In the undergraduate subject I’m coordinating this session, Arguments, Evidence, and Intuition, we’re really interested in getting students dealing with numbers in real world contexts. How do you critique a newspaper article, see behind a politician’s use (or lack of use!) of statistics, or decide whether a health supplement is efficacious?
So, we’ve designed assessments that require students to interact with real world data to:
- communicate a data story, and
- discuss a contentious issue from their own perspective, and that of multiple stakeholders.
We’ve also worked to integrate real world resources – datasets, newspaper articles and reports, etc. – into the sessions.
Ifttt and diigo
To support this strategy, give students inspiration for their assignments, and help the tutors collate resources around statistical concepts and evidence, I’ve recently setup a new resource that works as follows:
- I installed the social bookmarking tool diigo on firefox & my mobile – this allows me to save bookmarks to a shared online space (that others can also contribute to), these appear in a subject group, tagged with key terms and a short description of their relevance to the subject (normally a key quote from the article).
- I also tag the bookmarks with a key term (‘aei’) which acts as a trigger for this great tool if this, then that (ifttt) – ifttt lets me set up recipes such that if a resource is tagged ‘aei’ in the diigo feed, the next action is automatic.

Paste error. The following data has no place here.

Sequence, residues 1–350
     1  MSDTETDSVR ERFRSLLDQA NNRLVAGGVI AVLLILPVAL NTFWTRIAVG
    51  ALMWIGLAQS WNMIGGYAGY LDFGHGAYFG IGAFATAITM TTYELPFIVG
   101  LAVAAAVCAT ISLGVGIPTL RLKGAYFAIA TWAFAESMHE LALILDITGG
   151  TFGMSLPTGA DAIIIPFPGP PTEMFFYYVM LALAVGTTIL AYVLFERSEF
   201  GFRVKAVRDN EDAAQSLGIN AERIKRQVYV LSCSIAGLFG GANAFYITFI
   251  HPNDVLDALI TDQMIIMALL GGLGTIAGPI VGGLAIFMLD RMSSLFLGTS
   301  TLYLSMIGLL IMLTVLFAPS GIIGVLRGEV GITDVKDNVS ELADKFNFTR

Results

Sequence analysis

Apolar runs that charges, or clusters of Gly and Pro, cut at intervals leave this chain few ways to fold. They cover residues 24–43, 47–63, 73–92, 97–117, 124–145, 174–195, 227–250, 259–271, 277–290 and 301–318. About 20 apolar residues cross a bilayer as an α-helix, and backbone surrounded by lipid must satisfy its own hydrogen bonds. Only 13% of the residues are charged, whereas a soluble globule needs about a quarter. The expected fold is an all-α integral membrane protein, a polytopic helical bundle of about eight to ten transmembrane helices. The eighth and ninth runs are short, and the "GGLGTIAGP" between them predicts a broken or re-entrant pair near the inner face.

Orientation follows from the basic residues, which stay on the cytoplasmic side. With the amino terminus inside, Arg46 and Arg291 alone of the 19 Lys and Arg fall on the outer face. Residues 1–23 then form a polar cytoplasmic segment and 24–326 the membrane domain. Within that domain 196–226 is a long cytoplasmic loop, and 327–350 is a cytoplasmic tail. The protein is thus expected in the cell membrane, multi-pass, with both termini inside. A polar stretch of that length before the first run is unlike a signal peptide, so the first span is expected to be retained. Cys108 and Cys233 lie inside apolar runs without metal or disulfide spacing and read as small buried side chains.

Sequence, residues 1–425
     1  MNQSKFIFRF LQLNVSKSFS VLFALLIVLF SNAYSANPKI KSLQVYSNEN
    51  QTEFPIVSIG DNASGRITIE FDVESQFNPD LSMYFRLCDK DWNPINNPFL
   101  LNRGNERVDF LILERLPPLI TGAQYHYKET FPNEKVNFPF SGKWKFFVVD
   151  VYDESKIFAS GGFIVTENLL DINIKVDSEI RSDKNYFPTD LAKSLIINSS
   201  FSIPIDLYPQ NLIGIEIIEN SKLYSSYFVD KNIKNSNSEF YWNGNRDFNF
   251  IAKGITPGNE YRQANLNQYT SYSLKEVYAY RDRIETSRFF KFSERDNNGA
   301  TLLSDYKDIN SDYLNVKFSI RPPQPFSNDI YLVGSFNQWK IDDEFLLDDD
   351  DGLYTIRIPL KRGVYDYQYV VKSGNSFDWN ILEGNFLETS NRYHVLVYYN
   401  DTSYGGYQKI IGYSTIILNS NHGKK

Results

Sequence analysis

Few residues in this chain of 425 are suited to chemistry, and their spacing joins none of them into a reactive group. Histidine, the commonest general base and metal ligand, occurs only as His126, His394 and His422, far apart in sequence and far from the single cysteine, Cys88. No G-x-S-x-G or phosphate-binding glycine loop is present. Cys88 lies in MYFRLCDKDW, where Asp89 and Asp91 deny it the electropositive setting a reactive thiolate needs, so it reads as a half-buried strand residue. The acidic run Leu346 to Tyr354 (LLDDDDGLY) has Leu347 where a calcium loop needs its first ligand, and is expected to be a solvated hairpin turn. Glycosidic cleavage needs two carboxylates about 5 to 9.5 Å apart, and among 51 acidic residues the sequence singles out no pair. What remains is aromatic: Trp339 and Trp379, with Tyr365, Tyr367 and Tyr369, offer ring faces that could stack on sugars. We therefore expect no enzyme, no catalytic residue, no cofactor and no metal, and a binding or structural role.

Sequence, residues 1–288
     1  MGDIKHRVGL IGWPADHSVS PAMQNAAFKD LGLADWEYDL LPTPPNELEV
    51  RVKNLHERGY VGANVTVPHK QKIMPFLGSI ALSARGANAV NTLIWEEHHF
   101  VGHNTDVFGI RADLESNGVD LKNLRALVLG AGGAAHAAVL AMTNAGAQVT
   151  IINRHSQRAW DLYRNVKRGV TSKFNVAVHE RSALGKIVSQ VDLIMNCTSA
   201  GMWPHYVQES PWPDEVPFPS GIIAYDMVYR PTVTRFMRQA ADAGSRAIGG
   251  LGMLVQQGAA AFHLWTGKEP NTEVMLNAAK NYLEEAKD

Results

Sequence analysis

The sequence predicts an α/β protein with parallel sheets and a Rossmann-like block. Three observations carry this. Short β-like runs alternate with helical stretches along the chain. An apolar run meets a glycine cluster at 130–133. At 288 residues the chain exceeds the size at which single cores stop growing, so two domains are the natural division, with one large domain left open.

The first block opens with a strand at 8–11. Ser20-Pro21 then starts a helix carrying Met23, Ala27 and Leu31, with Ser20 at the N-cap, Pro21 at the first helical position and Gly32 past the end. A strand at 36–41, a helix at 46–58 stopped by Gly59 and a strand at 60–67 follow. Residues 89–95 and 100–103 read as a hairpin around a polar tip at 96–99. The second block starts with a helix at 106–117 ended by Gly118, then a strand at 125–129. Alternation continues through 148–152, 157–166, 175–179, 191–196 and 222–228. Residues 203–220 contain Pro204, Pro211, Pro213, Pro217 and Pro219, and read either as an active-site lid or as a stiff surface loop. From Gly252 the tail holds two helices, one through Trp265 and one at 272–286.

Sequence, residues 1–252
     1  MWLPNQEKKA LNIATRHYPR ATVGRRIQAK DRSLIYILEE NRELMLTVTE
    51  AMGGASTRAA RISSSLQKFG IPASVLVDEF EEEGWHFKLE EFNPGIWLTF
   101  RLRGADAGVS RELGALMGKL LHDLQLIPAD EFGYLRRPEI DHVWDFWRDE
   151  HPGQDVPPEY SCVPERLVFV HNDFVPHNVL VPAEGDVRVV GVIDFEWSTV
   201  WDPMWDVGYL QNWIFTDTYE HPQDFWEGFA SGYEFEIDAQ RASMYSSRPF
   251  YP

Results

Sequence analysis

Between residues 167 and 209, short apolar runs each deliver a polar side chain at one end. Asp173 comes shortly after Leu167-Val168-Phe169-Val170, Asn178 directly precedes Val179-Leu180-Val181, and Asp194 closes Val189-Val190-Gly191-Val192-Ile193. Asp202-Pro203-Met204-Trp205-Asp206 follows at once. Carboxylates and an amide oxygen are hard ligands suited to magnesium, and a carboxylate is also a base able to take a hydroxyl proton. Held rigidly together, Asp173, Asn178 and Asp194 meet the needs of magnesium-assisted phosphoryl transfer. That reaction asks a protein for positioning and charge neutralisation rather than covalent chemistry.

- The action in this case is to send the resource to a Facebook page. I am the admin on that page (but can add others) which allows me to share directly to it, but also means that students don’t see my personal profile (if I posted, they’d just see a page admin). Happily I don’t really need to go to the page at all as the process is fully automated! This also means I don’t need to deal with the hassle of running a Facebook group, including membership and managing student’s comments.
So far a few students have liked the page, which needs some more love (advertising, a profile pic/cover photo, etc. and a bit more community interaction), but given how low cost and effort the process is, I’m quite happy to carry on with fairly small numbers. Of course it’s also a good system because even if students (and staff) don’t have Facebook (or don’t want to like the page) they can still access the resources via diigo, and I’m not doing much more work than reading I’d be doing anyway!
Stay tuned for part two of this post!
Feature image credit: NATS Press Office